Craigslist To Drop 'Erotic Services' Ads

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Craigslist says it will eliminate its "erotic services" category and screen all submissions to a new "adult services" section before they're posted. The announcement comes a month after the killing of a masseuse who advertised on Craigslist.


And the Internet classified ad site Craigslist is coming under closer scrutiny from U.S. authorities. The authorities want to make sure that the site no longer posts ads for prostitution and pornography. Yesterday, the Web site said it will replace its, quote, erotic services category with a more closely regulated section it's calling adult services. The move comes weeks after a Boston medical student was accused of killing a woman he met through an erotic ad on Craigslist.

NPR's Tovia Smith has more.

TOVIA SMITH: Craigslist is promising to screen adult-services ads to stamp out what Connecticut Attorney General Richard Blumenthal has called a blatant Internet brothel. But, Blumenthal concedes, it may be hard to distinguish those offering legal services, like massage and escorts, from those offering more.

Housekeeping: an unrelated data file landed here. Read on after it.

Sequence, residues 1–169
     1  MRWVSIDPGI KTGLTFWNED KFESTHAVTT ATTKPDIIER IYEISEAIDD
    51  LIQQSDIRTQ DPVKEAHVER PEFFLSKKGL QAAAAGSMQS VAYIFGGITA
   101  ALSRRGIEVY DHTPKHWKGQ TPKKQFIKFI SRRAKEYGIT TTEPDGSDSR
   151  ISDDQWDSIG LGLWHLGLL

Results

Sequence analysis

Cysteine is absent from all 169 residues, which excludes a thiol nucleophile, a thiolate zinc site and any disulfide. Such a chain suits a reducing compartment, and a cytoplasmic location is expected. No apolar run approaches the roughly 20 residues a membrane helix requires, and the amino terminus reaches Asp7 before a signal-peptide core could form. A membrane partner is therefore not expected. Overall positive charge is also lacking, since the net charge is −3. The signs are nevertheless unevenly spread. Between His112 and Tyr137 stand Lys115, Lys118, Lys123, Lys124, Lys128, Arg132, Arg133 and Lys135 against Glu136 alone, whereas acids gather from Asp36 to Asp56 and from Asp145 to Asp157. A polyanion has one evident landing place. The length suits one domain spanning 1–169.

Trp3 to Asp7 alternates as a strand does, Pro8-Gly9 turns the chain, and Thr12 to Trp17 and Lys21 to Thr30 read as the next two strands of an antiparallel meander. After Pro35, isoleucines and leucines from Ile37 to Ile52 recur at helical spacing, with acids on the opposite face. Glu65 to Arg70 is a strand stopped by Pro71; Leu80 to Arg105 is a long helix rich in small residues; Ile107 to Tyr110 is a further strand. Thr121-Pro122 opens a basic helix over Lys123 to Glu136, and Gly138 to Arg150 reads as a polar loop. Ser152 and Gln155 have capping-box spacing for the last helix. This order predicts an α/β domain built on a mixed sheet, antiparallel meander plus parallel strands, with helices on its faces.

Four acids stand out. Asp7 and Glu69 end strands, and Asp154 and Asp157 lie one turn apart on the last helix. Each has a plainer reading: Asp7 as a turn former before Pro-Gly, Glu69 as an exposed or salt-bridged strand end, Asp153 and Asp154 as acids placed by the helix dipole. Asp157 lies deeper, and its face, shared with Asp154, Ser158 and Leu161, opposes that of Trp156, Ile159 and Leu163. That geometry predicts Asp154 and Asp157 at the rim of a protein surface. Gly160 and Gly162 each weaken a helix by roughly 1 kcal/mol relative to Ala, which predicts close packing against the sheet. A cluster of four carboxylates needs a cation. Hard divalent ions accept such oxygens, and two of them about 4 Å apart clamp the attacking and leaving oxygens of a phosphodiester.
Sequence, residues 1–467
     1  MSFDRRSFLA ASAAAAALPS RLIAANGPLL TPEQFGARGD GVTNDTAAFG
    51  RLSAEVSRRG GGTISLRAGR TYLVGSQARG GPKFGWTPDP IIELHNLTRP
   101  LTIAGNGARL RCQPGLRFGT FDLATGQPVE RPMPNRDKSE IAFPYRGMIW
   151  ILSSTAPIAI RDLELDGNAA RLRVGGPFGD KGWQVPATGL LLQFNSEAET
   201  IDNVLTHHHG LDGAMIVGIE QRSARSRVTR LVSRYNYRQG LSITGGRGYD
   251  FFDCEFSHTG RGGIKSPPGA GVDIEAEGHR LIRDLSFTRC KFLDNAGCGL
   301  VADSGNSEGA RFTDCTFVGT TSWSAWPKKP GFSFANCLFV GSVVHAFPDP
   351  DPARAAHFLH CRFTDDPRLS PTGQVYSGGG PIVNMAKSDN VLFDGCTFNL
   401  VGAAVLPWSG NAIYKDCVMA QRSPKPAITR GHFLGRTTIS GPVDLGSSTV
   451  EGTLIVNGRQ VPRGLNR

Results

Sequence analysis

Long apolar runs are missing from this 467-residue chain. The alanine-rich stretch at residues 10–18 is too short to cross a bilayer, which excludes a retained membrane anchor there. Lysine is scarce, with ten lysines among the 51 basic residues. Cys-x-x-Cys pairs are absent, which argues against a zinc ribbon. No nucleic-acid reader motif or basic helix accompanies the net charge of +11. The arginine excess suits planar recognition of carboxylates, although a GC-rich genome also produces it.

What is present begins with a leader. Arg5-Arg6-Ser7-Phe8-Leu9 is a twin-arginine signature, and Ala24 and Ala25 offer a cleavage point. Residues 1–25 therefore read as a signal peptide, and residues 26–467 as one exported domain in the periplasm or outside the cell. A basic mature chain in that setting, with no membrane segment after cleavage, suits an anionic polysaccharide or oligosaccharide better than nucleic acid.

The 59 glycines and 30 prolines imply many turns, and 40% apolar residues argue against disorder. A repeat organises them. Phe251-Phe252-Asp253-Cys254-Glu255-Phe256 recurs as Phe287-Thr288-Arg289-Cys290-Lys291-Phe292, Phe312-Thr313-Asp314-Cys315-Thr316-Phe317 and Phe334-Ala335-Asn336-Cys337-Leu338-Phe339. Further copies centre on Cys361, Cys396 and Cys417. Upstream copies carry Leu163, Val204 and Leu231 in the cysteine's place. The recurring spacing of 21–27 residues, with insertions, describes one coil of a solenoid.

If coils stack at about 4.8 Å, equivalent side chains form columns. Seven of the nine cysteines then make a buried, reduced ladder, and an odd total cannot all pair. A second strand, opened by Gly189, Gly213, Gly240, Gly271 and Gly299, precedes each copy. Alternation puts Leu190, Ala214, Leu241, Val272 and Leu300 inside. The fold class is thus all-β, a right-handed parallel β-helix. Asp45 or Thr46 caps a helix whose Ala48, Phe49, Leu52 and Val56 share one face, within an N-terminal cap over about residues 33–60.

Ms. RICHARD BLUMENTHAL (Attorney General, Connecticut): The world's oldest profession can use the newest technology. But the same questions arise as to what is soliciting for illegal sex.

SMITH: Indeed one woman, Adriana(ph), who posts on Craigslist but didn't want to be identified talking about erotic services, says most people will just rewrite their ads to be a little more subtle.

ADRIANA: A lot of people will put, like, exactly what they're going to do. But now, basically, we'll just have to say, like, you guys want to have a night out with a lovely girl, and you can just be my friend for the night. Stuff like that.

SMITH: There is some fear that will make things more confusing for businesses that don't offer sex, like Derek Romano's(ph) company, 1-800-Showgirl.

Mr. DEREK ROMANO (1-800-Showgirl): I mean, this is going to make the phone ring more with a lot more false calls, like, you know, oh, well, do they provide extras? Just, you know, it's going to be a whole big headache.

SMITH: Romano wants a separate section just for licensed adult businesses so it's clear which ones are clean, and which ones have just cleaned up their ads.

Tovia Smith, NPR News.

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